in this issue
Glamping in Style
Luxe camping vacations for the adventurous at heart
by Connie Moody
“Glamping,” or camping in style with a luxury tent or camper, is the best combination of comfort and the outdoors, and it appeals to pretty much everyone.
The luxury tent might be on a river bank, in a tropical forest or off-grid in the middle of the bush, but they all have three things in common: the best in lodging, fine cuisine and wine, and a destination that is appealing to all outdoor enthusiasts.
On the other side of the San Juan mountains from my favorite summer destination, Creede, Colorado, you will find the old railhead town of Dolores, and the Dunton River Camp, a frontier-style base designed for exploring the wilds.
Eight luxurious tents located beside the river or in the mountains are complete with stoves, king-size beds, marble sinks and six-foot soaker tubs.
Elsewhere in the meadow, there’s a spa tent, riverside sauna and the farmhouse: a cozy cabin-like building from the early 1800s. After a day of exploring the mountains or fly-fishing on the Dolores River, relax on one of the comfy sofas or antique rocking chairs, sipping a well-made cocktail or a glass of fine California wine.
Other options for touring are Monument Valley and Canyon de Chelly, deep in the Navajo reservation and the sculpted wilderness of the Valley of the Gods.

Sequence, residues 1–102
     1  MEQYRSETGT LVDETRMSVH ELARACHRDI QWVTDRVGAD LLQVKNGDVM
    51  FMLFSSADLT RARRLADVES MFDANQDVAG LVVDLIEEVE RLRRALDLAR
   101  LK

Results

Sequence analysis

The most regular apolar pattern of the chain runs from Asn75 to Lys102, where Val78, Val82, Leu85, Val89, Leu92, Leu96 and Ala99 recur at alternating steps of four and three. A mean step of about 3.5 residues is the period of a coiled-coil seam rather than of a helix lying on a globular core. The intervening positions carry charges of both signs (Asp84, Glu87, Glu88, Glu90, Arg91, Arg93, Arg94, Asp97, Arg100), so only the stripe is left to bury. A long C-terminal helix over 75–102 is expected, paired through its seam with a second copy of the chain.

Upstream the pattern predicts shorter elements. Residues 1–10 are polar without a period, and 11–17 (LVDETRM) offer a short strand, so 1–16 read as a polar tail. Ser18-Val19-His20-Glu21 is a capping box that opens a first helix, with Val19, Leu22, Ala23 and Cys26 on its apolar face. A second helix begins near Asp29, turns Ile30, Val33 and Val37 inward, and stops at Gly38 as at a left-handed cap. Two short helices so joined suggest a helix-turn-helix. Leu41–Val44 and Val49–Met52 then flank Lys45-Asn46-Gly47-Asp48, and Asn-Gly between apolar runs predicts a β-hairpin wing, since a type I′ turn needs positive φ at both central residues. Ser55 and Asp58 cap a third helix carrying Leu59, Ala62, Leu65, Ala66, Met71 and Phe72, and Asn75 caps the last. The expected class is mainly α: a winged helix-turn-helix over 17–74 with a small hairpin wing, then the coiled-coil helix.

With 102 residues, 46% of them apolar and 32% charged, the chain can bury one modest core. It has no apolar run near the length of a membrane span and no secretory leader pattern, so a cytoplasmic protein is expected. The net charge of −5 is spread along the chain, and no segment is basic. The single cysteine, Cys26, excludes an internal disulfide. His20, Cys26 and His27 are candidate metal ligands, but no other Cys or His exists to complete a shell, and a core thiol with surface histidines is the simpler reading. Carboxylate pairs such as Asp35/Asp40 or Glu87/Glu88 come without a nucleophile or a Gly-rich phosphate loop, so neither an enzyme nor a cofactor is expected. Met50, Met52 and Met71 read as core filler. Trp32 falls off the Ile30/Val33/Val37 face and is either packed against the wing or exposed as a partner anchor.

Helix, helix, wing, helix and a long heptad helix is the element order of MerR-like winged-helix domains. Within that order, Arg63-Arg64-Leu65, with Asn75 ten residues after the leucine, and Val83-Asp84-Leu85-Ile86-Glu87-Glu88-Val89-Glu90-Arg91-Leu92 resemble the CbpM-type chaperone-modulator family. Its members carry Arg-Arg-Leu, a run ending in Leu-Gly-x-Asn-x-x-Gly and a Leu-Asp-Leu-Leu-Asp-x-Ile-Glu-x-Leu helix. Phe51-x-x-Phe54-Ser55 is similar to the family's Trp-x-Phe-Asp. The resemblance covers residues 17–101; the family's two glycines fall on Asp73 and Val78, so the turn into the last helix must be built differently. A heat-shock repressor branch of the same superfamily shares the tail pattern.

To enhance the luxurious experience, the resort is all-inclusive with meals, premium wines and spirits and a half-day guided group activity daily. The entire resort can be reserved for a maximum of 16 guests, making it an ideal destination for corporate retreats, family reunions and weddings.
The Nayara Tented Camp in the Arenal Volcano National Park provides Naples residents a natural travel journey in an eco-friendly environment.
The recently opened camp features 18 luxury tents, 12 that are linked together to form two-bedroom
accommodations, ideal for families. The air-conditioned tents are set high on a hill with spectacular views of the Arenal volcano, with outdoor showers, wooden floors, a canopied, four-poster bed, and a spacious bathroom with an oversized tub.
Activities include whitewater rafting, canopy tours, hiking the volcano or strolling through the rain forest on hanging bridges. Visit the hillside Sloth Sanctuary, also home to tropical birds, reptiles and amphibians.